Column: The awkward moment when…

Column: The awkward moment when...

Ever since I joined the Lady Vikes varsity soccer team, I looked forward to being a senior. This year I will participate, but in a way that I did not expect.

Mira Ahmad, Managing Editor

At today’s Paly girls’ soccer meeting, the signup paper made its way around to me. Name? Pretty straightforward. Position? Outside defender- duh, it hasn’t been anything else since the third grade. Club? The awkward pause and the hovering pen. Club. I looked around at some of the girls who I have played club soccer with for over eight years sitting around me, some of the best friends I have had the privilege to spend my life on and off the field with.  I hesitantly wrote down De Anza Strykers. The last club I was playing for, before number three.

For anyone who knows me, you all know what we are about to come to, concussion 3.0. And for those of you who don’t know me- yes there was a concussion 1.0 and a concussion 2.0. My first concussion was in March of 2010, and the second in May of 2010. 2.0 was the worst physically, but 3.0, which was just two days after my one-year concussion- free anniversary dinner, was the worst mentally.

One moment, you’re on top of the world, beating someone to the ball, the next you’re on the ground, hearing your best friend tell some girl, “NO she’s not okay! You just gave her a third concussion, you [insert whatever profanity you think Emy Kelty (‘12) could muster up here]”.

The protective head gear that I have wore since my first concussion has been labeled "tard guard" by my teammates. Photo by Al Chang.

That third, minor concussion changed a whole lot of things for me. Out the door went every thought of college soccer, club soccer, and quite frankly any contact sport on the face of this earth.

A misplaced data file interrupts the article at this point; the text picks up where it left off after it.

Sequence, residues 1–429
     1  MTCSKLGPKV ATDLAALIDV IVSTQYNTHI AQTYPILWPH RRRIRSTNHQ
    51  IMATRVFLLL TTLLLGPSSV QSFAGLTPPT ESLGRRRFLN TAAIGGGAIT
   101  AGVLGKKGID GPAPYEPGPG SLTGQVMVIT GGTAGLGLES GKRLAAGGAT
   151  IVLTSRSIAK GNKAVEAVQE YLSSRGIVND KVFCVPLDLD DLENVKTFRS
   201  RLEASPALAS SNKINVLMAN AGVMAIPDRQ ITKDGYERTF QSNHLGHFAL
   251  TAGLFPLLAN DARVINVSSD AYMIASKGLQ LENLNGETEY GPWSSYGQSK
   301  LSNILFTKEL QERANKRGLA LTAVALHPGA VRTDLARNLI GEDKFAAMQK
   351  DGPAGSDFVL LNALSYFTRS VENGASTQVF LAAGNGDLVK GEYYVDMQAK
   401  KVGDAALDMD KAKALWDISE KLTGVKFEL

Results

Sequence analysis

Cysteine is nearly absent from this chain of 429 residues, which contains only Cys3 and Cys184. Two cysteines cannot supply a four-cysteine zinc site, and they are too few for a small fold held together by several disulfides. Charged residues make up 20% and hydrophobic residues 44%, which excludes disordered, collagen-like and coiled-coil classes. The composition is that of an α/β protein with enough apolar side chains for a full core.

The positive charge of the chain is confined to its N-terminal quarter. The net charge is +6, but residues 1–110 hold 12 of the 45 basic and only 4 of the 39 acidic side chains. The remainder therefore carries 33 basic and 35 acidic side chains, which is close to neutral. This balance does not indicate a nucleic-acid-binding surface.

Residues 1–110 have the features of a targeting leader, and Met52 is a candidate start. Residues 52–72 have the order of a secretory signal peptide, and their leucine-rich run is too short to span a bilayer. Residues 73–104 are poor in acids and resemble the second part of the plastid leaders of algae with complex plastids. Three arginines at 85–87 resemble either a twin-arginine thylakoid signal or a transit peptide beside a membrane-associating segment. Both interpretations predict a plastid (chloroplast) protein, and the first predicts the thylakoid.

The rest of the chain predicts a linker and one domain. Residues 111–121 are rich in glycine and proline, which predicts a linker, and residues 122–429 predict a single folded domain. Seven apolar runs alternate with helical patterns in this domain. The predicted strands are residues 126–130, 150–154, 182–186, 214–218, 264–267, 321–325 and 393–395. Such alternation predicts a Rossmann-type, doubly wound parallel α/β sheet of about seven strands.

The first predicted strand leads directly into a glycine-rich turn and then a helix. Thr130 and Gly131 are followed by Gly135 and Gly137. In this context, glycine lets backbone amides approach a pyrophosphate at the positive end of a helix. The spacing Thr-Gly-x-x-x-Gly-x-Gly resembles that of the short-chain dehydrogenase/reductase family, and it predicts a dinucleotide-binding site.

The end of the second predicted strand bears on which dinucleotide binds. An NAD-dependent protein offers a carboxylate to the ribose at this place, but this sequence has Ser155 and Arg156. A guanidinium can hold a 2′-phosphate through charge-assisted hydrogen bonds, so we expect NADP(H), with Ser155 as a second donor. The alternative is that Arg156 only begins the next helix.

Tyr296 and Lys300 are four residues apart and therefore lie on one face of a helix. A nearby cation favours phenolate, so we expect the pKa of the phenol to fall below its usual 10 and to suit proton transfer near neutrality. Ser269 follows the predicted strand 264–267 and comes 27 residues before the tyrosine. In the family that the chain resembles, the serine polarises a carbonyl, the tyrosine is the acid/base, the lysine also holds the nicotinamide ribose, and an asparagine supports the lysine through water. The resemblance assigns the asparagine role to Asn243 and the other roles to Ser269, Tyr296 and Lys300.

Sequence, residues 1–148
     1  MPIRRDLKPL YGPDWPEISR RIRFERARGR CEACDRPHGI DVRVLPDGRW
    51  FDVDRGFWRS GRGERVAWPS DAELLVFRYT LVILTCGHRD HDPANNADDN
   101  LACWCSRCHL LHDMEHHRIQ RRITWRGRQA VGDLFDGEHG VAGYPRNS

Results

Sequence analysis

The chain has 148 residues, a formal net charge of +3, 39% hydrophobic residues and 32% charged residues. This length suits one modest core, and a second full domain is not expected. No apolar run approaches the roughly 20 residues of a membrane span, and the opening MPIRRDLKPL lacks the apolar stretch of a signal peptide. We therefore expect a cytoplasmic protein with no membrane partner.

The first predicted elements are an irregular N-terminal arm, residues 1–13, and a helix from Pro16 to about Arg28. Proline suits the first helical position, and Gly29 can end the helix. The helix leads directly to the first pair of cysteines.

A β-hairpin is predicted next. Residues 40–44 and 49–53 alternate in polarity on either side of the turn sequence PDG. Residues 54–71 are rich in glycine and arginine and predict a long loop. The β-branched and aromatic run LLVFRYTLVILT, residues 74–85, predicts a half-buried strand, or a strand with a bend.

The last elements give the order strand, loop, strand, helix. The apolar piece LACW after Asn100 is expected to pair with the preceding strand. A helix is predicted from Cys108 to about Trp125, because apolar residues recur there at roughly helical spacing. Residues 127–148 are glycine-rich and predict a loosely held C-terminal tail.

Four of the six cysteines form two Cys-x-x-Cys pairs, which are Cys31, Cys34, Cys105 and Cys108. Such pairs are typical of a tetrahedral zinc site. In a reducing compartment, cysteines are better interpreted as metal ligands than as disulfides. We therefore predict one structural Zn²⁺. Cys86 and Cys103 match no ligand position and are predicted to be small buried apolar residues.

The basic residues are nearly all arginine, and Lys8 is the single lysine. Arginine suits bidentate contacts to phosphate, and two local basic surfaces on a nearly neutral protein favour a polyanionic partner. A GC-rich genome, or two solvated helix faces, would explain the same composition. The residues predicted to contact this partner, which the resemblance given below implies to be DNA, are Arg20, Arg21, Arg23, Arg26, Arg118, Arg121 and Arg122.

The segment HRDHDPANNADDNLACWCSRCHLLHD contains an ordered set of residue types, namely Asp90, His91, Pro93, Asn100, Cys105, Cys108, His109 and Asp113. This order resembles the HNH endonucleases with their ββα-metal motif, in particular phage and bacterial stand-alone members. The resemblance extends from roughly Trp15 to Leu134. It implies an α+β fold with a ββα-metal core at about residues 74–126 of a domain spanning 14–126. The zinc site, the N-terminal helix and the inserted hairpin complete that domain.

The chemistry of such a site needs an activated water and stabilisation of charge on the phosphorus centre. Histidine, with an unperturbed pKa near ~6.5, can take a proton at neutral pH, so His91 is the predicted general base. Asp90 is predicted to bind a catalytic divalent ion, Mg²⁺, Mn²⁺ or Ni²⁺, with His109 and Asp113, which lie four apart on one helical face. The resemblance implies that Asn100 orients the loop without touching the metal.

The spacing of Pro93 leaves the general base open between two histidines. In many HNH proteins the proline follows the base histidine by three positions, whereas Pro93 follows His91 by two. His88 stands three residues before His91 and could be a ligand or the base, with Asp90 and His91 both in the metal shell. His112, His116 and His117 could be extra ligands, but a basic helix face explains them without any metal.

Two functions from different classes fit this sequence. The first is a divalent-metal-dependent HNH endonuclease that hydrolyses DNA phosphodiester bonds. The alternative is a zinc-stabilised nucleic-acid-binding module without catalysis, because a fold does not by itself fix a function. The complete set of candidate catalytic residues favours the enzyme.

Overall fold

It wasn’t until a more recent conversation however, that I realized high school soccer fits into the category of contact sports on the face of this earth. Trust me, I argued the point. I promised to wear the tard-guard (protective head gear), even two if they wanted. I said I would only play twenty minutes per game. I would play midfield not defense. I would do ANYTHING to have the chance at one last season with the Lady Vikes.

To me, it made perfect sense. Heck, John Dickerson (‘12) had more concussions than I have and HE seems okay (for the most part), right? I wanted the chance to be one of the seniors I had looked up to every year. To have a senior day and to have an excuse to caboose during the two- mile run.  I just wanted the senior soccer season I always thought I would have.

I guess at today’s meeting, I wasn’t quite ready to let go of what has been a defining part of my life for so long. To leave that one space blank, to not have a club that I play for, that was just too painful.

I know that no matter what, I will get to be a part of the 2011-2012 season- but maybe just not in the way I had originally planned.  Sure you’ll see me at tryouts, tard-guard and all, but you probably won’t be hearing too much about my “hard tackles” in the middle of the field this season (thank you Palo Alto Online).

So for right now, I’m going to hide behind my old soccer Club’s name, pretend that my head protection is actually protecting me, and pull out my cleats which my mom had to hide from me until now. But ultimately I know that when it comes to game-time, I’m going to have to be okay with sitting on the bench, and watching my friends on the field.  While that is unimaginable to me right now, hopefully, with some help from the people who have always had my back on and off the field, I’ll be able to enjoy my senior season just as much as I would have concussion free.